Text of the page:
Prostate Surgery For Greenspan

Alan Greenspan headshot, as Federal Reserve Board Chairman, 3-28-03
Federal Reserve Chairman Alan Greenspan is undergoing surgery for an enlarged prostate - a common problem for men his age - and is expected to be back at work later this week.

Greenspan is often spoken of as the second-most-powerful man in Washington because of the impact his words and the Federal Reserve's actions can have on interest rates and the economy in general.

The surgery was scheduled for Tuesday at a local hospital that Federal Reserve officials declined to identify.

"Chairman Greenspan on Tuesday will spend a short time in a local hospital to be treated surgically" for an enlarged prostate, the Fed said in a three-sentence statement. "He plans to be back in his office later this week."

The statement and Fed officials offered few details.

The enlarged prostate was detected during a regular examination, and follow-up tests conducted last week showed no cancer, Fed officials said.

Fed spokeswoman Michelle Smith said Greenspan would be treated as an inpatient and would not be under general anesthesia. She also said Greenspan underwent similar surgery in June 1994.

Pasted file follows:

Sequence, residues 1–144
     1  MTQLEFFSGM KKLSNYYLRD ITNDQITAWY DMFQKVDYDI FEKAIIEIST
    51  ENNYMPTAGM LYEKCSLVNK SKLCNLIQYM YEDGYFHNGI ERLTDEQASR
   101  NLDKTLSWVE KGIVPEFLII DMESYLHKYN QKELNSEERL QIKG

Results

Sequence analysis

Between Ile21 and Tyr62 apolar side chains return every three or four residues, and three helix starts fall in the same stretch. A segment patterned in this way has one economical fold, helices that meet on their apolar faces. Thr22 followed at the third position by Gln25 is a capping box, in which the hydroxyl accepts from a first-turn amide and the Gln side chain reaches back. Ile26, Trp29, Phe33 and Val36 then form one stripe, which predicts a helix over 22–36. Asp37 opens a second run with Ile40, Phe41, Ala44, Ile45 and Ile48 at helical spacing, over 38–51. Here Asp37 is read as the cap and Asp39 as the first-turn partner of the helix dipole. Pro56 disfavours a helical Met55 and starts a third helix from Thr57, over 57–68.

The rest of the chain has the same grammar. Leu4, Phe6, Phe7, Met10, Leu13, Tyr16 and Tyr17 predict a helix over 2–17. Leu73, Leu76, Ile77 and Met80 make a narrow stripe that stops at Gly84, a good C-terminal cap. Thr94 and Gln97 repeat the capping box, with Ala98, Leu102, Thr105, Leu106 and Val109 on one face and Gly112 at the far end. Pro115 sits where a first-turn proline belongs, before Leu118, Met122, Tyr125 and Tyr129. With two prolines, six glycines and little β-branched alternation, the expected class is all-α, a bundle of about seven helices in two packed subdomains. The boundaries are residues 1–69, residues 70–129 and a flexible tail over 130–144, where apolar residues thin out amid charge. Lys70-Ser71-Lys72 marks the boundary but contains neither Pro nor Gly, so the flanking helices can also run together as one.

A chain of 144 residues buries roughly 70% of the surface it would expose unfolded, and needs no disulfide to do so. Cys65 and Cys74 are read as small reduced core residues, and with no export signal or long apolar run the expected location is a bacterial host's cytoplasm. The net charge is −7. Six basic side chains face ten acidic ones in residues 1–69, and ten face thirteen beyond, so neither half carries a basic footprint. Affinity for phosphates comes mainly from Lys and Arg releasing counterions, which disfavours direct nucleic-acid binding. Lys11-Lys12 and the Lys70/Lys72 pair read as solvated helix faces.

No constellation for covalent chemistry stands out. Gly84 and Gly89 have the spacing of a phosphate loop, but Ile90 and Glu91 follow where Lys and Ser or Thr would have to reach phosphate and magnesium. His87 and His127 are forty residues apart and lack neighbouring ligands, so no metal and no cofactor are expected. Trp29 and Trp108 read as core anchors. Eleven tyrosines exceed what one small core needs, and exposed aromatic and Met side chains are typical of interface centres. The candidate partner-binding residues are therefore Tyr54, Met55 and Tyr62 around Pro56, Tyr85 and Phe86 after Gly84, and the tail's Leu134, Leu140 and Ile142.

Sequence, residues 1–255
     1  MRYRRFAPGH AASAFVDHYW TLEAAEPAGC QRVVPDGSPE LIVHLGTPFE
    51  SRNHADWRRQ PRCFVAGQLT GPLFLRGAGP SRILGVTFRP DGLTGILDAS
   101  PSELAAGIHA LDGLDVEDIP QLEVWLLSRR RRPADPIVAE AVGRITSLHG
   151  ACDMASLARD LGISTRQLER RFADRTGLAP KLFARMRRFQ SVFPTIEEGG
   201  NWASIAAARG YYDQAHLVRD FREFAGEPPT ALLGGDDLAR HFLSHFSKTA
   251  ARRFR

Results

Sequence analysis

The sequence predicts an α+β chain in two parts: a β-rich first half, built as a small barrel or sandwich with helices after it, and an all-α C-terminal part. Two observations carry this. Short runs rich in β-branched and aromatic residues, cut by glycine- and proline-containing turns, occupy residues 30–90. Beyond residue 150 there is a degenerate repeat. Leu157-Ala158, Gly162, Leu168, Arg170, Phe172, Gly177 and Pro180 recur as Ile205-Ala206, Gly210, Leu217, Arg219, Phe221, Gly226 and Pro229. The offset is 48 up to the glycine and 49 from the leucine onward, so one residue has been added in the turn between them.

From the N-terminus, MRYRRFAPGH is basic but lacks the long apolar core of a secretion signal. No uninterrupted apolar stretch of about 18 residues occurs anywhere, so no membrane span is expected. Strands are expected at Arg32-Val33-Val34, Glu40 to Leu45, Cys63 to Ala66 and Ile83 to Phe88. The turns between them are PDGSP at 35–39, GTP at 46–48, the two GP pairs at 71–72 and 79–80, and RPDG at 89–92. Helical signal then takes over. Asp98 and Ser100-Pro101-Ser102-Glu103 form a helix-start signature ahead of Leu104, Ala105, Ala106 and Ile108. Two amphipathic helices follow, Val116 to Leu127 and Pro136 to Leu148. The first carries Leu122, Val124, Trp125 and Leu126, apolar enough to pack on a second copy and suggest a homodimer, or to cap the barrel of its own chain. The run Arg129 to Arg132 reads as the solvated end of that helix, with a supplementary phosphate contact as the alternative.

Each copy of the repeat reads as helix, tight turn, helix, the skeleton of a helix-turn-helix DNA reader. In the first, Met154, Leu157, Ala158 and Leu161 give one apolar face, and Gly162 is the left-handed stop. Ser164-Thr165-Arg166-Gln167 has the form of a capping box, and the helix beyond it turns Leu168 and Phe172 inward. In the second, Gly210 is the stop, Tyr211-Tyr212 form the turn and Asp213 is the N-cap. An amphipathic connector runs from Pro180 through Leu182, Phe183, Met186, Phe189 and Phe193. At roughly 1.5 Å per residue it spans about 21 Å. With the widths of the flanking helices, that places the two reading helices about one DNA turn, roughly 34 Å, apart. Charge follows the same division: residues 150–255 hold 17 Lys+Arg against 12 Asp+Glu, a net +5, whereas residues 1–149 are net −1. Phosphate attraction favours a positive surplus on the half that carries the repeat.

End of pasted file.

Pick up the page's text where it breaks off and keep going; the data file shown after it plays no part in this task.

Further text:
The Fed announced Greenspan's impending surgery on Monday after Wall Street markets closed for the day.

Greenspan, who turned 77 in March, has been serving as Fed chairman since August 1987. His current term as chairman runs to June 20, 2004.

The prostate is a walnut-sized gland that can enlarge as a man ages, making it difficult to urinate. More than half of all men over 60 have the condition, called benign prostatic hyperplasia, or BPH - and 80 percent of men get it by age 80.

Surgery to trim the prostate is the most common and effective treatment. It usually requires up to three days in the hospital.

An enlarged prostate isn't cancerous, but it's often detected with a test that can spot cancer, too. When a man's blood levels of a substance called PSA, or prostate specific antigen, are high, doctors check for both conditions. Also, urinary symptoms can be similar for both diseases.

Greenspan, who was in the office on Monday, is generally considered to be in good health.

The Federal Reserve's next meeting to discuss interest rate policy is on May 6. Smith said Greenspan is expected to attend that meeting.

By Jeannine Aversa